> the discussion on driver strength has prompted me to make an observation seen
> during EMC testing. One of the immunity tests fires rapid ( ns timeframe )
> voltage transients onto all the wiring interfaces. I have observed that when
> digital circuits respond to the transients, it is the devices with the weakest
> pull-up or pull-down that go first. By reversing the transient polarity,
> significant shifts in the level at which the circuit responds may be observed.
> Also, if the pulling circuit is not located close to the input pin, the trace
> isolates its effect somewhat.
Just to make sure: are you talking about logic upset or hard failure?
Most CMOS outputs have the same number of drains connected to the
pad regardless, but adjust strength by tieing off gates to keep the
devices OFF all the time. That way, ESD transients still have the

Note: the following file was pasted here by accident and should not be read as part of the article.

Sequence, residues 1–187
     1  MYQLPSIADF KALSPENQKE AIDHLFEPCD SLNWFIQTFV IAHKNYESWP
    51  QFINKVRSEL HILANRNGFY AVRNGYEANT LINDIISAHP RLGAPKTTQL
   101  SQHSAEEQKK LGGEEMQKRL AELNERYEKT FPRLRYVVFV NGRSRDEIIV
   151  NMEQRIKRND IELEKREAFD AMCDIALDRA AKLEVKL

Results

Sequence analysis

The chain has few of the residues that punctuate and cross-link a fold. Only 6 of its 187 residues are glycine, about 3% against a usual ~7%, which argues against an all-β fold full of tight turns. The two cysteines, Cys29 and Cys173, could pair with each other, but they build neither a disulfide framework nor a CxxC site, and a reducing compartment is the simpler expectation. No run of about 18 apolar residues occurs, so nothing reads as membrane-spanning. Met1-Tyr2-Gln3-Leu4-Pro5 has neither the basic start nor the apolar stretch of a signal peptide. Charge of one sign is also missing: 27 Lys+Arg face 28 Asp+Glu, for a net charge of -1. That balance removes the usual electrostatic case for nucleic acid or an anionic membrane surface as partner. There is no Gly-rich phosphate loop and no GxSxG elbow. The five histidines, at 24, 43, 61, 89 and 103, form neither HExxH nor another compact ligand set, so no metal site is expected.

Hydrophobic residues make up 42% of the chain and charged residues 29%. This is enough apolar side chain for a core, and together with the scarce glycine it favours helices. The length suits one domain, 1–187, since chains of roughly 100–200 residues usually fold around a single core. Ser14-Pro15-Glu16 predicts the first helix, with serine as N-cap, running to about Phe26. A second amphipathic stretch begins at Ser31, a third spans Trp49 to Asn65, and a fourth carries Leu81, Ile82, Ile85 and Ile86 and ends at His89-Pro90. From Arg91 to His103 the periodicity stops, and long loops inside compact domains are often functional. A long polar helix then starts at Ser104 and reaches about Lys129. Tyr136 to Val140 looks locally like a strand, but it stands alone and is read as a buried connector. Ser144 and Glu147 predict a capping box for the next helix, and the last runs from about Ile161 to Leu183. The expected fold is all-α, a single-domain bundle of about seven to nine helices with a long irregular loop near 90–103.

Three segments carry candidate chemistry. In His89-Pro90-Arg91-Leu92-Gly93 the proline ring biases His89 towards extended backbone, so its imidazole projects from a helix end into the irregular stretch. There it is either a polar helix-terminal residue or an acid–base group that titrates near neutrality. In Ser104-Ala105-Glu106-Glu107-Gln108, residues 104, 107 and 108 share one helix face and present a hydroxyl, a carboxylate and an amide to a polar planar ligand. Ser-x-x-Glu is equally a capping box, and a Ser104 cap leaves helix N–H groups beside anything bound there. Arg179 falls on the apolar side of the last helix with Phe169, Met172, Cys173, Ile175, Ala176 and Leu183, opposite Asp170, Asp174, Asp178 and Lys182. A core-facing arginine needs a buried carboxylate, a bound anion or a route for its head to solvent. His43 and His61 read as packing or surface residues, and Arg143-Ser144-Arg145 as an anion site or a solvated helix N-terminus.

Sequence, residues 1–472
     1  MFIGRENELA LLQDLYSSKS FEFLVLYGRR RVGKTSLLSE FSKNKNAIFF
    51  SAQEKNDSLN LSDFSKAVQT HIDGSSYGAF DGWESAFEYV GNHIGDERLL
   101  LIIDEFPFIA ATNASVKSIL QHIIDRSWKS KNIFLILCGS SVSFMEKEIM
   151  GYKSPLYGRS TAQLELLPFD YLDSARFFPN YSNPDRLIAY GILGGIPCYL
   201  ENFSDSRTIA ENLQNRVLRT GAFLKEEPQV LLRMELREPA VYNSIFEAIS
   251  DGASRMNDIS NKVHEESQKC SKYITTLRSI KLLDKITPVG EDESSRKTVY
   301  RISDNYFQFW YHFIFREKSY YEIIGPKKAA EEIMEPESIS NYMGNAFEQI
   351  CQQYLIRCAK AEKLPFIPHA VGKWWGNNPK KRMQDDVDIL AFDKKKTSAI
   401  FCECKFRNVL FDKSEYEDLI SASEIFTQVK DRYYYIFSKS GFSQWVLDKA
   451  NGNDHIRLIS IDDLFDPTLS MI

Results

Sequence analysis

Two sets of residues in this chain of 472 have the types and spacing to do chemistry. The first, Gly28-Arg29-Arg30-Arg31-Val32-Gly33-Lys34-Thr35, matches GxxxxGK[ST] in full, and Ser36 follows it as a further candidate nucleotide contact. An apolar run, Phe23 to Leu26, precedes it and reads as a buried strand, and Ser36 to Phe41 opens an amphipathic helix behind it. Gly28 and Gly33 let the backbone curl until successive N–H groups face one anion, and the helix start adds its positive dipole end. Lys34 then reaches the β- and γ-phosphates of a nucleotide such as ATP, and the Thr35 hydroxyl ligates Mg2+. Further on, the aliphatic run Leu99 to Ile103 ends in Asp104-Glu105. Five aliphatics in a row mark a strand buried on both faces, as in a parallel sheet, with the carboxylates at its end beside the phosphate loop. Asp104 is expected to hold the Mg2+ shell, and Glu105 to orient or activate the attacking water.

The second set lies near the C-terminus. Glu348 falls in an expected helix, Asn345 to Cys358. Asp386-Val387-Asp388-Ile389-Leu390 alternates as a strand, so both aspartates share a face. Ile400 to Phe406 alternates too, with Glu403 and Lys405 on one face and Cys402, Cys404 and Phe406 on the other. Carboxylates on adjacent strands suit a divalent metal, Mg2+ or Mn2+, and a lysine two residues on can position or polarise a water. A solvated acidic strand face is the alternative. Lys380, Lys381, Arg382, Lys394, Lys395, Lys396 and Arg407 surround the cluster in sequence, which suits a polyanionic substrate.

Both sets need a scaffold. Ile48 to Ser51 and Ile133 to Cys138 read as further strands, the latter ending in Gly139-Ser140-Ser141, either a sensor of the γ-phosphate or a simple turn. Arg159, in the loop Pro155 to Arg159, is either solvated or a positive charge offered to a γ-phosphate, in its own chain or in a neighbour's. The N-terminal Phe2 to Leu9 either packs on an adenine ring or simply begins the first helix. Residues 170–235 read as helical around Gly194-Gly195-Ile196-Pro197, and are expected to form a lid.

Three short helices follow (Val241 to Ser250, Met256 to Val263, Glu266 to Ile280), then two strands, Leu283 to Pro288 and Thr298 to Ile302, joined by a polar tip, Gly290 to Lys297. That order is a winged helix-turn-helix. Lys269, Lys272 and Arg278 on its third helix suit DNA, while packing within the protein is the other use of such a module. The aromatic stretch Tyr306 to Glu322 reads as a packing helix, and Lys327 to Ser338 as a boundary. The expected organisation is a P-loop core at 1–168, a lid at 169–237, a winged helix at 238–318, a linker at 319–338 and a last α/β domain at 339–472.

full device complement to share the energy.
For logic upsets, OTOH, the problem is that current into a
output will produce higher voltage responses than current into a
> The problem is that by using drivers with lower drive capability we end up
> with designs that could have immunity problems. However, devices with higher
> drive capability tend to be the cause of radiated emissions problems.
> I guess there needs to be middle ground ( from the EMC engineers point of view
> ), so that we can maximise immunity and minimise emissions. Anyone want to
> take a shot at a set of guidelines?
Well, the EMC problem isn't so much driver strength as Ldi/dt noise.
be addressed by:
1) Reducing max I independently of dt and L (the weak driver approach)
2) Reducing L independently of dt and max I (packaging solutions)
3) Increasing dt independently of max I and L (custom drivers)
4) Isolating the supply paths for high-speed I/O from victim lines
As is almost always the case in EMI/susceptibility engineering a
combination approach works best. Drivers with no more static drive
than necessary should be used with predrivers as slow as the application
will stand, with lots of low-inductance supply connections split between
noise generating and noise susceptible I/O groups.
-- D. C. Sessions email@example.com